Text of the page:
Music for a Sunday: Say what?

Oh hey! Here’s Falco as a disgruntled newscaster. What’s he “reporting”? Well, here’s my (singable!) translation of the lyrics:

On the Run

Say what? Whatchoo say?

West Berlin, 1967
First impression: paddywagon
A roadblock against the madmen
Are you cruisin’ for a bruisin’?
Well, we’ll serve you up a good one, aha
Corner, Joachimsthaler/Ku’damm — an “excess”
The last one to smell the gas
is the first to get due process
All Berlin is one big cloud
Everybody once again on the run
Out, ah ah
Out, ah ah
Out, ah ah
On the run

Zürich, Limmatquai, 1982,
All’s in order, nought’s in place
That’s an end to the disgrace
The taxpayers have won–
No more fires on the lakeshore, aha
The conclusion after 15 years:
You’ve got to keep control
Enjoy noble values
Watch where the monies flow
Throw the noisy rockers out
And renovate the opera house, aha

And as for public order,
Everything, thank god, ‘s in order
Just as if all by itself
’cause the strong hand always wins
Holds the fairytale together
And the crooks are on a tether, aha

As for the future, let me say,
Someone’s bound to come and ask
What the young voters are thinking
Of the powers that control them–
Heavy clouds and thunder-roar
And hey-hey, look who’s now once more
On the run…

So, what’s it all about? He’s comparing two sets of riots in German-speaking Europe, about 15 years apart, and what they mean in terms of what the authorities consider worthwhile (and what the people don’t).

The first broke out in West Berlin in 1967. It was a reaction against the Shah of Iran, whom the student protesters (rightly) called a bloodthirsty dictator and puppet to Anglo-American oil interests. He was in town for a night at the opera — Mozart’s The Magic Flute, as it happens; it was part of a state visit. The authorities smeared the students as “dangerous” and “crazy”. Never mind that a whole world war had been fought against fascism just a generation ago; now it was rearing its oily head again, as it had done back in the day, in reaction to young progressives making noises about justice. The demonstrations were brutally quashed by the German federal police and Iranian SAVAK agents working in concert, and a 26-year-old student, Benno Ohnesorg, was killed. The first lines here refer to “Grüne Minna” (“Green Minna”, German slang for a prisoner transport — comparable to the Anglo-American term for a paddywagon, “Black Maria”) and vast clouds of tear gas in the city centre as the “first impression” the Persian potentate must have seen on his way to the opera house.

The whole scene is representative of German student activism during the 1960s, or rather, of the way the state reacted to it — with repression and force, and dehumanization. Sensitivity? What’s that? They couldn’t even see themselves clearly amid all the tear gas. It looked bad on them to be hosting the Shah, and even worse when it transpired that they’d been working hand in glove with the dictator’s forces to repress dissent in supposedly “free” West Germany. So of course, they had to paint the protesting leftist students as “Spinner” — lunatics. That justified everything, from gassing to beatings to roundups and even murder.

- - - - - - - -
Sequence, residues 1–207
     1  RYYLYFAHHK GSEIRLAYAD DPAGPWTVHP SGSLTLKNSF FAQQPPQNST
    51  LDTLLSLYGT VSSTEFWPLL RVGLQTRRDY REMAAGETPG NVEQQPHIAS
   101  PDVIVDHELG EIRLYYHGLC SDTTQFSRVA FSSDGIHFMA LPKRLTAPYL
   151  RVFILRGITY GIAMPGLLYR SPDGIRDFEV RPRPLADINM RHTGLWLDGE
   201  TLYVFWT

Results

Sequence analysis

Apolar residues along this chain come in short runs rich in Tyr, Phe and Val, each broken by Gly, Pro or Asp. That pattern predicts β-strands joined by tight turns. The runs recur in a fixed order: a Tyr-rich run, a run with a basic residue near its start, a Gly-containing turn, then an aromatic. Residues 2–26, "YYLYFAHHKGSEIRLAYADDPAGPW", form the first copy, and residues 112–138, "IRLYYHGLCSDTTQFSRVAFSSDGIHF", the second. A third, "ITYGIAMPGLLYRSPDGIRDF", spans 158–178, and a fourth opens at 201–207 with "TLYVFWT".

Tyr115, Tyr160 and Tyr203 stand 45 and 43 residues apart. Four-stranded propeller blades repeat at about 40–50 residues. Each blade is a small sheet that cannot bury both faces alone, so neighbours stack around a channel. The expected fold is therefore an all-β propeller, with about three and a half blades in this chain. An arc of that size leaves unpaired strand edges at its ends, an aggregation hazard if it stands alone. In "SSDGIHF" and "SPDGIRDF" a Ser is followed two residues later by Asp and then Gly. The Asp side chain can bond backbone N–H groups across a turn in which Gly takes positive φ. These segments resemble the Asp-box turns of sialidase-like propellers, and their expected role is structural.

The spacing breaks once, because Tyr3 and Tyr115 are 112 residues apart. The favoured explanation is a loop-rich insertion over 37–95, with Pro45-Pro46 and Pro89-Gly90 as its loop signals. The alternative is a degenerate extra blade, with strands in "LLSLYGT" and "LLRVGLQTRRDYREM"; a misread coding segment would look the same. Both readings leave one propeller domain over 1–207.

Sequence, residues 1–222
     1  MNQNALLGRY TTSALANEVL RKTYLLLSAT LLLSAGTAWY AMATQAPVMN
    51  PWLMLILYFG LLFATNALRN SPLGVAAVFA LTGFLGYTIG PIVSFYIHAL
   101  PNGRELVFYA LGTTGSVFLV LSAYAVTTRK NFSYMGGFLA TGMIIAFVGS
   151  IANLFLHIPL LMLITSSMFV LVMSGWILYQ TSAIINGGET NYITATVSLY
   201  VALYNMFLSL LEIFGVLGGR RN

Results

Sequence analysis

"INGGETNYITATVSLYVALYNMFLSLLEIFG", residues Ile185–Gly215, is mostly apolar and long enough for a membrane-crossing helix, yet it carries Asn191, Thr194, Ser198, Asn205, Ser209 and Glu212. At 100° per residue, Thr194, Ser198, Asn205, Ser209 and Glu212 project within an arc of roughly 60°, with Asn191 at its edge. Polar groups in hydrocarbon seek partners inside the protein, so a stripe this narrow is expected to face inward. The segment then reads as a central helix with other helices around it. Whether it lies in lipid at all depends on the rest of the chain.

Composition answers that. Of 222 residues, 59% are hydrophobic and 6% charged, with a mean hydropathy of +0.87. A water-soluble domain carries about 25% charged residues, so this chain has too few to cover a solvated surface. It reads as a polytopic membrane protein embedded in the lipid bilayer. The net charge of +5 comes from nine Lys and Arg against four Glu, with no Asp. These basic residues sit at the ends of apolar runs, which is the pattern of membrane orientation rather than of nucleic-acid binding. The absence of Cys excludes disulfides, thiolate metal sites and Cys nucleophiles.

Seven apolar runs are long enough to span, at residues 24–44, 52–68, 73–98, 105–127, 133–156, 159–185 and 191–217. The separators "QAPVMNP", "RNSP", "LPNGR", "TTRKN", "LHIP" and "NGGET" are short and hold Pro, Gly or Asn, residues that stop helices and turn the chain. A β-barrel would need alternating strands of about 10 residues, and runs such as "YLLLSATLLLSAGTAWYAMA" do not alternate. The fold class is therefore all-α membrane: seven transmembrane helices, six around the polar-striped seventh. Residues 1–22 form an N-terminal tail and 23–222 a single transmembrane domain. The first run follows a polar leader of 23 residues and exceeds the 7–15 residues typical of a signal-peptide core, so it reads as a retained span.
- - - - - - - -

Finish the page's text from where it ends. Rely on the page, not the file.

This motif repeats itself in the second part, where the scene shifts to Zürich, Switzerland, 1982. There, the protest was, again, a student demo, this time against a huge allocation of taxpayer money (60 million Swiss francs) to — have you guessed it yet? — renovate the opera house. The city council authorized this expenditure in May 1980, while at the same time refusing to fund an autonomous youth centre. The students were outraged at this instance of bourgeois classism, as one might imagine. In May 1980, following a Bob Marley concert, a riot broke out in front of the opera house. Basel, Bern and Lausanne were all in uproar as well. It was later revealed that the state criminal police were surveilling the protesters and their movements. The scandal reverberates to this day.

There was more at stake than just the odd cultural building here or there; it was a question of whether the older folks wielding all the money and power really listened and gave a damn about what the younger adults wanted. And of course, they didn’t; hence the riots. The response from Zürich, as in West Berlin, was to put the protests down with violence. The autonomous movement was smeared as just a bunch of punks determined to shit the cultural bed — best gotten rid of, the sooner the better. And the crackdown, as in Germany, was out of all proportion to the protests themselves…

Never mind that Mozart and Beethoven were the punk rockers of their day, writing rebellious music that would later be enshrined as high art in the same opera house where the rock rebels of later years would be barred. The blinkered authorities couldn’t draw the parallels, and wouldn’t see that the great composers would, if anything, have sympathized with the young rebels rather than the old bourgeoisie trying to “preserve order” and uphold “noble values”. The hypocrisy is clear, as are the parallels, even 15 years (and longer!) apart.

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